(Cleveland) - A Strongsville company and the company owner’s wife were ordered to pay more than $330,000 Thursday for their roles in the dumping of a drum of liquid cyanide into a storm drain that flowed into the Rocky River. It resulted in the death of more than 30,000 fish.
Kennedy Mint, Inc. was ordered to make a community service payment of $300,000 to the Cleveland Metroparks. The company previously pleaded guilty to violating of the Clean Water Act.
Teresina Montorsi, 74, was sentenced to one year of probation and ordered to pay a fine of $5,000. She previously pleaded guilty to obstruction of justice.
“Clean, fresh water is Ohio’s greatest natural resource,” said Steven M. Dettelbach, United States Attorney for the Northern District of Ohio. “We are satisfied that we were able to determine who put the cyanide into the river and killed tens of thousands of fish. The restitution from this case will be used to restock the river with fish, so that people can again enjoy the natural beauty of the Rocky River.”
“We are pleased that the river will be restocked with fish,” Ohio Attorney General Mike DeWine said. “This case demonstrates the devastating consequences that a single dumping can have on the environment. We will continue to work with our Task Force partners to investigate and prosecute violations of environmental protection laws and those who attempt to cover up such violations.”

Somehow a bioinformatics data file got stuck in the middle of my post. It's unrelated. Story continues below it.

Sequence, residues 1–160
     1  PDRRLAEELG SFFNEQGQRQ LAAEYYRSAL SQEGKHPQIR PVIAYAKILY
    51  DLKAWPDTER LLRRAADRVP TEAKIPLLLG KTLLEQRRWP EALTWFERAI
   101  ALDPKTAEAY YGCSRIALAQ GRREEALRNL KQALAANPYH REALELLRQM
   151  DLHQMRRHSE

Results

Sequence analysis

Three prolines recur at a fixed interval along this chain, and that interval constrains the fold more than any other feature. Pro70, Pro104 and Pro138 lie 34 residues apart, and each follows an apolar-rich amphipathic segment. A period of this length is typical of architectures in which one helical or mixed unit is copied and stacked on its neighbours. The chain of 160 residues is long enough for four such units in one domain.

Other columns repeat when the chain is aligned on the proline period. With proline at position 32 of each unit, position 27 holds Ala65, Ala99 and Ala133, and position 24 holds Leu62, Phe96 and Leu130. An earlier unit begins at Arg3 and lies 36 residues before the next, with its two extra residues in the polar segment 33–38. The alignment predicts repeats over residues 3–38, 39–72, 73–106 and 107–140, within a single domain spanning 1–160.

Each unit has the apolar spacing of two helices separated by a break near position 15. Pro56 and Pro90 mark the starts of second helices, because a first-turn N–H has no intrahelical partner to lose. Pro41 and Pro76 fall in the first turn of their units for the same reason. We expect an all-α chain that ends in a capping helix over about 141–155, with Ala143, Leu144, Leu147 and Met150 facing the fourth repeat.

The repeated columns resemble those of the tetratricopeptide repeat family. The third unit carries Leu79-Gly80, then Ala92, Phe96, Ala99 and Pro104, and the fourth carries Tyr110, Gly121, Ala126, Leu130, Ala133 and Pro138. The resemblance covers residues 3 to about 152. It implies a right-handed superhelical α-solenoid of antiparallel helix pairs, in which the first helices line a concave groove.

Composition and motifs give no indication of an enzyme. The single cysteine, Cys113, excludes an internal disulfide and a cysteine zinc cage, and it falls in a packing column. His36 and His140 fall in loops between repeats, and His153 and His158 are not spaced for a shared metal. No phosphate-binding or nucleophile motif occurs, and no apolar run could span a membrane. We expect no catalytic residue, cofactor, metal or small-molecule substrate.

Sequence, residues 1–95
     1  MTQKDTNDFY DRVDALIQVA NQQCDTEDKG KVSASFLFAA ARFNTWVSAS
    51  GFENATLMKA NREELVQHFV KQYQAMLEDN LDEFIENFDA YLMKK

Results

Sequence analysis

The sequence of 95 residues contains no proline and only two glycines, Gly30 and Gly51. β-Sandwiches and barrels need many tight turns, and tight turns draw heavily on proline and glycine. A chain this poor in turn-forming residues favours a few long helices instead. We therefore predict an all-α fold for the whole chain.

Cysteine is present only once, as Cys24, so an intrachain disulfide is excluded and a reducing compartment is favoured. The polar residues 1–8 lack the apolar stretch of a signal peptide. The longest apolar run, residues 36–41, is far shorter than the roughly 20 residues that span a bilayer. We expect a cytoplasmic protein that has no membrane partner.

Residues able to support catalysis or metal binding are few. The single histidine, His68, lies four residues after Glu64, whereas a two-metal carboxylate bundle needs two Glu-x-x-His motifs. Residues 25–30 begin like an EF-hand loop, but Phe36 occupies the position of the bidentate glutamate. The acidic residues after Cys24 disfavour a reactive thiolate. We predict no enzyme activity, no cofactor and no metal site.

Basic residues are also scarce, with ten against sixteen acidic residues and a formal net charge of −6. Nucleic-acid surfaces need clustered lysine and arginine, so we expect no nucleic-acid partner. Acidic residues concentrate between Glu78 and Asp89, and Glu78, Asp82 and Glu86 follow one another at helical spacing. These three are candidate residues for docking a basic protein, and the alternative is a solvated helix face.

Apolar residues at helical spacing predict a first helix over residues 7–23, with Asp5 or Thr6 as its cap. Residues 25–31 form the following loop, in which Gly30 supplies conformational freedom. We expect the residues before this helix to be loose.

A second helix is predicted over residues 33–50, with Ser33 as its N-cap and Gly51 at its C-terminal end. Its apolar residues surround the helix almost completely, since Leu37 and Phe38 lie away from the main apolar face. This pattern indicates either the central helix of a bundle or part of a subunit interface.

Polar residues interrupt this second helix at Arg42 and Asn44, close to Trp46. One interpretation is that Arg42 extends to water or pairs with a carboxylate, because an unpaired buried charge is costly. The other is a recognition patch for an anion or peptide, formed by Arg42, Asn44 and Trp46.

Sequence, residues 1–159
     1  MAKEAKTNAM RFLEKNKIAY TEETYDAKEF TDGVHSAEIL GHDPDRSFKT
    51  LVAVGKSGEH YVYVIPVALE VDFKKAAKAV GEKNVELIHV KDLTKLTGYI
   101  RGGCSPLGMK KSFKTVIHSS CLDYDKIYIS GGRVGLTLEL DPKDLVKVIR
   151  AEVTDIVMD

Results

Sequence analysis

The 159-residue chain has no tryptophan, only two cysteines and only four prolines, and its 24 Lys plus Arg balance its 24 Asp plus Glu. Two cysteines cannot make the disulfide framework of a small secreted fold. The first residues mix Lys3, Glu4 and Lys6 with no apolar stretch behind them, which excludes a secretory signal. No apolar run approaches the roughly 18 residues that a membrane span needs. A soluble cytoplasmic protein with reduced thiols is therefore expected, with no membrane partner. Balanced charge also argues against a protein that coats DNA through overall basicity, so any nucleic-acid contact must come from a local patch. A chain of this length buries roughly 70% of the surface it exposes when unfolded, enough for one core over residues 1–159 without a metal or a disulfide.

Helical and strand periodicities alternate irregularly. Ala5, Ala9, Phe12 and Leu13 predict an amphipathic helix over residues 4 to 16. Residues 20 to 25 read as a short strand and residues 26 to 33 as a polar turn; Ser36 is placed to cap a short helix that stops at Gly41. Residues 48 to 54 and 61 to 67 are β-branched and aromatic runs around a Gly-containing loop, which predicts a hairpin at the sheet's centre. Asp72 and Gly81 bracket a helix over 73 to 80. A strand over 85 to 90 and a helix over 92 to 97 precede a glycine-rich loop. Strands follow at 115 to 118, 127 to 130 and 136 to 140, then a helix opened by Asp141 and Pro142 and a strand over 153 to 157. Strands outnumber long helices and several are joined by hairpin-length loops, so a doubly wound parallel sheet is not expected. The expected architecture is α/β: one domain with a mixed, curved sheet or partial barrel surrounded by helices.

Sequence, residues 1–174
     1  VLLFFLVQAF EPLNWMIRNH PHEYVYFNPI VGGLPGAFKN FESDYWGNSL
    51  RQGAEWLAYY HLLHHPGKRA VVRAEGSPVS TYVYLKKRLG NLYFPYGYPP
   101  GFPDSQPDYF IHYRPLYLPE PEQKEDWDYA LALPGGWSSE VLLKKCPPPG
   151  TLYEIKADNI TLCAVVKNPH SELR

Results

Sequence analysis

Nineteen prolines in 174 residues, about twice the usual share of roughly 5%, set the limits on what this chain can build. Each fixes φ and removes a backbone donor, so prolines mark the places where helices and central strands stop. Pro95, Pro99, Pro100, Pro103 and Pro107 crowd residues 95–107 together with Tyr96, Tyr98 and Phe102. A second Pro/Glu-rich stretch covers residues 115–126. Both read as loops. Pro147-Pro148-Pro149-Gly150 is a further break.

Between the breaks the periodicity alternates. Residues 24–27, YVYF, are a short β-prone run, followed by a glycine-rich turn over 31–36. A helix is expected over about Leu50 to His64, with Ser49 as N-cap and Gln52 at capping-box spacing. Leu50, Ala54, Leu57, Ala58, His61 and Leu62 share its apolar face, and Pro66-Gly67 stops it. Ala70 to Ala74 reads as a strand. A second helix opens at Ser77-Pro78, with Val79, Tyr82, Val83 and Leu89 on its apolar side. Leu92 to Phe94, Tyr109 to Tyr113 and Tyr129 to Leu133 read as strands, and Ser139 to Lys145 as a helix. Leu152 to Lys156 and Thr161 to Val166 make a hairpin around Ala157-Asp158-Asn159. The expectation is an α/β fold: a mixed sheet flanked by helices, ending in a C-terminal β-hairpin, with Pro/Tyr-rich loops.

Company owner Renato Montorsi was indicted last year, but those charges were dismissed after he was found to be incompetent to stand trial.
Renato and Teresina Montorsi are married and live in Grafton, Ohio, according to public records.
Kennedy Mint will also pay restitution of $30,893 -- $1 for every fish killed by the illegal discharge. The money will be paid to the Ohio Department of Natural Resources and used to restock the river with steelhead trout under the terms of the plea agreement.
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